The Big Three in Economics: Adam Smith, Karl Marx, and John Maynard Keynes

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The Big Three in Economics: Adam Smith, Karl Marx, and John Maynard Keynes by Mark Skousen M. E. Sharpe * 2007 * 256 pages * $25.95

Reviewed by David L. Littmann

It is a rare book that treats readers - even those who've never taken economics - to a comprehensive understanding of the forces and policies that ultimately determine prosperity and liberty for themselves and future generations. The Big Three in Economics by Mark Skousen accomplishes that, supplying essential historical perspective on the best-known names and evolutionary developments in economics.

This fascinating study focuses on the luminaries that have dominated economic conversations and debates since 1776. Adam Smith's eighteenth-century Wealth of Nations inquires into and documents the causes of wealth and prosperity. Karl Marx's nineteenth-century Das Kapital is a treatise on victimization by an economic system rooted in individual property rights and "natural liberty." It calls for centralization of authority in government that would facilitate redistribution of income and wealth. J. M. Keynes's twentieth-century General Theory outlines a framework to justify specific policy prescriptions for reestablishing systemic stability and maintaining economic security during business cycles.

Not only do Skousen 's succinct examinations of the "Big Three" clarify the principles of economics for unsophisticated readers, they also furnish insights into and resonate marvelously with 2008's election-year polemics. The entire book crystallizes basic economic issues and delivers the intellectual tools to differentiate rhetoric from reality. For example, during 2008 alone, we've had the spectacle of one presidential candidate labeling the oil industry's barely average profit margins "egregious," while the other candidate (along with Congress and various regulatory bureaucracies) fingers so-called "oil speculators" for possible criminal investigations. Thanks to Skousen's research and dozens of prescient quotations, the curious investigator - layman or Ph.D. economist - can separate hyperbole and scapegoating from objective analysis.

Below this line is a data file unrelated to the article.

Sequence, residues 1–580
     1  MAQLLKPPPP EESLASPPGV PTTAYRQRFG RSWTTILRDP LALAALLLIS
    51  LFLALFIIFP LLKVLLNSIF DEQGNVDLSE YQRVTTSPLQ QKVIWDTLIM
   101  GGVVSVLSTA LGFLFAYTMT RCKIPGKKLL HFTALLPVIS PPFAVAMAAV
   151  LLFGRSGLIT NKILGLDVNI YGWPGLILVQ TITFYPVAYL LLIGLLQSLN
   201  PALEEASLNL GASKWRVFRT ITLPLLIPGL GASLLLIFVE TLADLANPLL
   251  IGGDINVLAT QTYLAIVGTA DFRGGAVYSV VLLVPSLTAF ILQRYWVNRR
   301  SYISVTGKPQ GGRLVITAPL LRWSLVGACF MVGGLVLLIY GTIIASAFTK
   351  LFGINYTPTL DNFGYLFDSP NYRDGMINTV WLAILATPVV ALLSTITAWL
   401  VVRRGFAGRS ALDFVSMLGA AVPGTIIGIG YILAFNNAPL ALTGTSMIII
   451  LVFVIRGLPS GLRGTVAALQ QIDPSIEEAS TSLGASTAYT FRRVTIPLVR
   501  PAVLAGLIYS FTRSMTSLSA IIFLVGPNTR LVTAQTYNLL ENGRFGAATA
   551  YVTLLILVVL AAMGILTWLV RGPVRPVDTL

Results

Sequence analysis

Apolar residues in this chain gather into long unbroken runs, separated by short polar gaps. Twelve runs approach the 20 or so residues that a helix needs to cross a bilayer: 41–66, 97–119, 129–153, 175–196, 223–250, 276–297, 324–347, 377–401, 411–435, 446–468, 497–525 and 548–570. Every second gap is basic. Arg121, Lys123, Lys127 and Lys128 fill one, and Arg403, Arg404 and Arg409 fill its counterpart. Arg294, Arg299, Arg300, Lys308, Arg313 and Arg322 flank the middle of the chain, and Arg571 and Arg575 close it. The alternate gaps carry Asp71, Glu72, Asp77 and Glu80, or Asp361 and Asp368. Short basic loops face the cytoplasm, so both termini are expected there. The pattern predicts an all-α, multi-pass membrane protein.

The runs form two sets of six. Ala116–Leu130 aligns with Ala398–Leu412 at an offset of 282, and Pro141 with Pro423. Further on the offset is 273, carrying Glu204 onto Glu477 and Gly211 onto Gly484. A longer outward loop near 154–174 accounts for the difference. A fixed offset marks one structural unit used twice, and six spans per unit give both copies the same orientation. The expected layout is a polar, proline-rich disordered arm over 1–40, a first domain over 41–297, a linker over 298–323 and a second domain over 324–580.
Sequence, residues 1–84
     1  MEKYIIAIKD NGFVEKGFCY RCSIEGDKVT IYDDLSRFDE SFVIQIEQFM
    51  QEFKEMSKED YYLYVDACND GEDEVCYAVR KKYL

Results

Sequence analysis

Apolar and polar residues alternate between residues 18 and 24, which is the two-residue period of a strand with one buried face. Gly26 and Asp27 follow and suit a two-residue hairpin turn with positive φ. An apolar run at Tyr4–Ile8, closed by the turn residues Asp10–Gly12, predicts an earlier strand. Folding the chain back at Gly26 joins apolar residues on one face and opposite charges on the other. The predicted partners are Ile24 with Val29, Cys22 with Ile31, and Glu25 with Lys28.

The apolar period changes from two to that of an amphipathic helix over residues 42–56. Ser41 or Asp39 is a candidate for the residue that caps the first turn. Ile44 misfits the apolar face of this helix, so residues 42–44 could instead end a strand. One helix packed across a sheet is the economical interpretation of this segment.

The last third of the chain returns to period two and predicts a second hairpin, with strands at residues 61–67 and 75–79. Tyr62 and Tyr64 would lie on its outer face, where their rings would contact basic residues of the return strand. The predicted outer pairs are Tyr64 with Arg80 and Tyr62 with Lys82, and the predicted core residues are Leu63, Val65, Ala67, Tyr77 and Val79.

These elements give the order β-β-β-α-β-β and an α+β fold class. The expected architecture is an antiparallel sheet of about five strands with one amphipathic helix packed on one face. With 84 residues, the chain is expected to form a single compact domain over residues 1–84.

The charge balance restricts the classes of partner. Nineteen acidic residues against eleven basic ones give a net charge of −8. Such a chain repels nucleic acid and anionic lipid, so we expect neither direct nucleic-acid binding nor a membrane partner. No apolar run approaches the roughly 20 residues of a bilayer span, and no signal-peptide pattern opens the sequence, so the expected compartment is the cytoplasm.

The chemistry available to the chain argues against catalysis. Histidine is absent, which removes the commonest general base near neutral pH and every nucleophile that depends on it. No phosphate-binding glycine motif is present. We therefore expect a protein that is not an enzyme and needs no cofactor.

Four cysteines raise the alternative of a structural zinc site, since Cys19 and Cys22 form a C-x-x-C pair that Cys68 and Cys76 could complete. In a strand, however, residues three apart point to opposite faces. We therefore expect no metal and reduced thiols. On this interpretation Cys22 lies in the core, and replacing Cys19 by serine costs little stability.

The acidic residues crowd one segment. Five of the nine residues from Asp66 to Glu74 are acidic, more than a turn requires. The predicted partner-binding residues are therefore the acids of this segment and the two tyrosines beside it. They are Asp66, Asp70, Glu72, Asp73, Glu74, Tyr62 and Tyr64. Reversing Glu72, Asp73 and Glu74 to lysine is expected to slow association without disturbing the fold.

Equally enlightening, Skousen surrounds Smith, Marx, and Keynes with their contemporary and historical disciples, who served to reinforce the message. An excellent example of this "reinforcement" effect, which helped Adam Smith's economic principles win the day, is the work of Jean-Baptiste Say.

Despite its title, the book isn't exclusively about Smith, Marx, and Keynes. It describes the influence of David Hume and the French Physiocrats on Adam Smith; the impact of Reverend Thomas Robert Malthus, David Ricardo, and Friedrich Engels on Marx; and the works of Alfred Marshall plus the English marginalist school, which provided the broad shoulders on which Keynes stood. …